Adobong Baboy (Filipino Pork Adobo)
In the Philippines, adobong baboy (pork adobo) is made by stewing pork in soy sauce, vinegar, sugar and aromatics. Serve this healthy pork adobo recipe with rice to get every last bit of the flavorful sauce. This dish gets better as it sits, making it a perfect make-ahead candidate for effortless entertaining.
For me, a Filipino immigrant, adobo is not just a dish, it is an identity.
I immigrated to the United States in 2004, a fresh college grad with a fresh new country to call home. I didn't realize how much I would miss the home I left. I was homesick. Desperate for a lifeline, I cooked. My lola (grandma) and tita (aunt) started teaching me to cook when I was 3 years old. I was quite resentful being sent to the kitchen to help prepare meals, because obviously I wanted to play instead. But all that kitchen training came in handy when I needed to dig deep in my memory bank to re-create the flavors of home.
Adobo was my go-to dish. It was easy. It is designed to be a set-it-and-forget-it dish. And it gets better the longer it sits. We used to joke that you should never eat adobo if it's freshly made, but rather wait another 24 hours before eating it. It gives the sauce time to permeate the meat. One pot of adobo would be my meal for at least a week. I was so homesick that I ate it repeatedly, wishing that each bite would magically transport me home, like Dorothy's ruby slippers.
To understand adobo, one needs to understand the historical timeline of the Philippines. In precolonial times, indigenous cooking methods relied on salt, vinegar and sugar not just as flavors, but also as preservatives. Vinegar is a particularly effective food preservative since it prevents bacterial growth, making it a very useful tool especially in high-humidity places like the Philippines. The most-used vinegars there are cane, palm and coconut, but rice, wine and distilled white vinegars are also used, depending on the flavor a cook wants to impart to the dish.
It has been embedded in the Filipino palate to lean on the vinegary flavor profile. Historians have traced the foundations of our indigenous cuisine to the appearance of kilaw in the 10th century, a method that uses a souring agent to "cook" food without fire, similar to Latin American ceviche. Other dishes and cooking styles feature sourness too, like a soup called sinigang. And there's paksiw, which is another style of cooking food in vinegar.
Dishes that feature meat or vegetables stewed in vinegar were given the name "adobo" by a Spanish friar, Pedro de San Buenaventura, in his book Vocabulario La Lengua Tagala back in 1613. The word is derived from adobado and adobar, Mexican and Spanish cooking terms which refer to marinating and/or stewing meats in an acid like wine or vinegar.
Adobo has evolved and morphed with the times. Before the Spanish colonized the Philippines, we were already trading with China, Malaysia, Indonesia and India via the Maritime Silk Road. With those interactions came spices, fruits and vegetables and cooking methods that have since become integral to Filipino cuisine. Adobo became an umbrella term, usually paired with a descriptor to distinguish the kind based on the type of vinegar, ingredients, meats and where it is from.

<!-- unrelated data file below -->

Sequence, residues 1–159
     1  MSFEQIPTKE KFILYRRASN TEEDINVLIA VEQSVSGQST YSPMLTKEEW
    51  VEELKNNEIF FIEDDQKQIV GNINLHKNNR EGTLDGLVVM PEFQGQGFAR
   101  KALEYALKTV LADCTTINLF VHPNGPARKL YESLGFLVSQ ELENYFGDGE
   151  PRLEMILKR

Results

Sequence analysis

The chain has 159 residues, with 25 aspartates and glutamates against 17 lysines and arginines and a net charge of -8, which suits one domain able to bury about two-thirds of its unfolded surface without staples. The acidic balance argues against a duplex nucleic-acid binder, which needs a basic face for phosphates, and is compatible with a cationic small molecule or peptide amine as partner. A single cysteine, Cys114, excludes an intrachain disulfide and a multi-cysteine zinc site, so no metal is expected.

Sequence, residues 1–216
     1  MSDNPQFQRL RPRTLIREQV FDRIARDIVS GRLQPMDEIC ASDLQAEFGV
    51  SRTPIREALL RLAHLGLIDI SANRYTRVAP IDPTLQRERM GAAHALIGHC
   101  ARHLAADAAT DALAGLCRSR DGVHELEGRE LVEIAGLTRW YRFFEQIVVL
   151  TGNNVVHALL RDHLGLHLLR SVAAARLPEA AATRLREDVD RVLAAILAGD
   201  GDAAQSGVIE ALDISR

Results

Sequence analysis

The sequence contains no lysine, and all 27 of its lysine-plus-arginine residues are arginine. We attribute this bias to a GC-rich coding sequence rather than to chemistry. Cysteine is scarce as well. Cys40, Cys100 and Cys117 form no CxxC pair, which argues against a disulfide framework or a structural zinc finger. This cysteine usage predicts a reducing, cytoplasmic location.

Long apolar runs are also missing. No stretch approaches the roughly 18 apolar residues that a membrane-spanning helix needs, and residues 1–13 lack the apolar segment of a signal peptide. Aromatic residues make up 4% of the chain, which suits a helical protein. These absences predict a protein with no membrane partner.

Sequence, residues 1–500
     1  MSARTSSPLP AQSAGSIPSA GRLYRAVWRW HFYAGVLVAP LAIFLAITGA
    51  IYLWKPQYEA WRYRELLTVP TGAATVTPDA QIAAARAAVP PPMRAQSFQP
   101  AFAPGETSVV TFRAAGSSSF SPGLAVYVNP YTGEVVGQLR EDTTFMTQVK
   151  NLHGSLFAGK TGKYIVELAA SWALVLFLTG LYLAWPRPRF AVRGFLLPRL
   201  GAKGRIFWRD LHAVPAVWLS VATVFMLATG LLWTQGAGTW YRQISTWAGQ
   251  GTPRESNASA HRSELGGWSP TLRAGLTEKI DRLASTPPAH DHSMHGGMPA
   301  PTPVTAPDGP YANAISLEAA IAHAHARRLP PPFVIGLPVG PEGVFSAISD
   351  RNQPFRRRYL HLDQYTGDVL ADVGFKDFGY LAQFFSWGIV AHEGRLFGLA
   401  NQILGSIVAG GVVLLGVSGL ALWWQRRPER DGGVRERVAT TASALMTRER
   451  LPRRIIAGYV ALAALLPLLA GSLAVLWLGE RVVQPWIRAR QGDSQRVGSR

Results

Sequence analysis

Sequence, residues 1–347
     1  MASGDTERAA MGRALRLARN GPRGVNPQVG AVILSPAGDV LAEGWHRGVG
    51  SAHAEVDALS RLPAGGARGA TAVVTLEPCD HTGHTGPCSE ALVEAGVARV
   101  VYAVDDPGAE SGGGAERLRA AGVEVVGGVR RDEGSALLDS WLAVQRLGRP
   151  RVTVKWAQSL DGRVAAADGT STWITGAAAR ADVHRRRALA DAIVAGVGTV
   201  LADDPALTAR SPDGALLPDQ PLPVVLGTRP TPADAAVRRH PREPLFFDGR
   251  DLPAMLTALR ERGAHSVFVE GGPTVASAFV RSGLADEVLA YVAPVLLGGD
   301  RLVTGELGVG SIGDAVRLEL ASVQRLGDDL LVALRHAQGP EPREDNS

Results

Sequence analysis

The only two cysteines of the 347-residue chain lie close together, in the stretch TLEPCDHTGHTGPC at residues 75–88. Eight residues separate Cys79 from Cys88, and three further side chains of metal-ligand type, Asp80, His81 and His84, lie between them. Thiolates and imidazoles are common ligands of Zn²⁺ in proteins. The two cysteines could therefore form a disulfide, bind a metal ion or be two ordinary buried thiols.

To say that there is one adobo to rule them all would be a disservice. Within the 7,641 islands in the Philippine archipelago, no one adobo is like another. Each is deeply rooted and dependent on the place, terroir and the palate of the person cooking it. And that's really the beauty and draw of this dish, isn't it? Adobong puti (white adobo) was thought to be the original form, with just vinegar, salt, garlic and bay leaves. Adobong dilaw (yellow adobo) gets its distinct yellow hue from turmeric. Adobo sa gata (adobo in coconut milk) is more popular in the southern regions of the Philippines where coconuts are more abundant. Adobong itim (black adobo), the most familiar adobo, has a dark sauce full of umami from soy sauce.
Adobo continues to evolve as Filipinos are flung to different parts of the world in search of better opportunities. Within this diaspora of overseas foreign workers, the need to feel a connection to our homeland is partnered with a desire to assimilate and adapt to our new environment. Adobo once again is adapted to place, terroir and palate, yet will always connect Filipinos like me to home.
To make ahead: Refrigerate for up to 3 days.
Although cane vinegar is made from fermented sugarcane syrup, it's not sweet. It is fresh, light and less sharp than other vinegars. Made from the nectar of flowers from the coconut tree, coconut vinegar is mild, with a slightly sweet, coconutty aftertaste. It's a staple throughout Southeast Asia and parts of India. Use it in marinades and dressings or to make pickled vegetables. Find both at Asian markets or online.
To prepare fried garlic: Place a fine-mesh strainer over a heatproof bowl. Heat 1/3 cup canola oil in a small skillet over medium heat. Reduce heat to low and add 1/4 cup sliced garlic; cook, stirring frequently, until the garlic is golden brown, about 4 minutes. Pour the garlic and oil through the strainer. Transfer the garlic to a paper-towel-lined plate. Reserve the oil to use on salads. Store fried garlic airtight in a cool dark place for up to 1 month; refrigerate the oil for up to 2 months.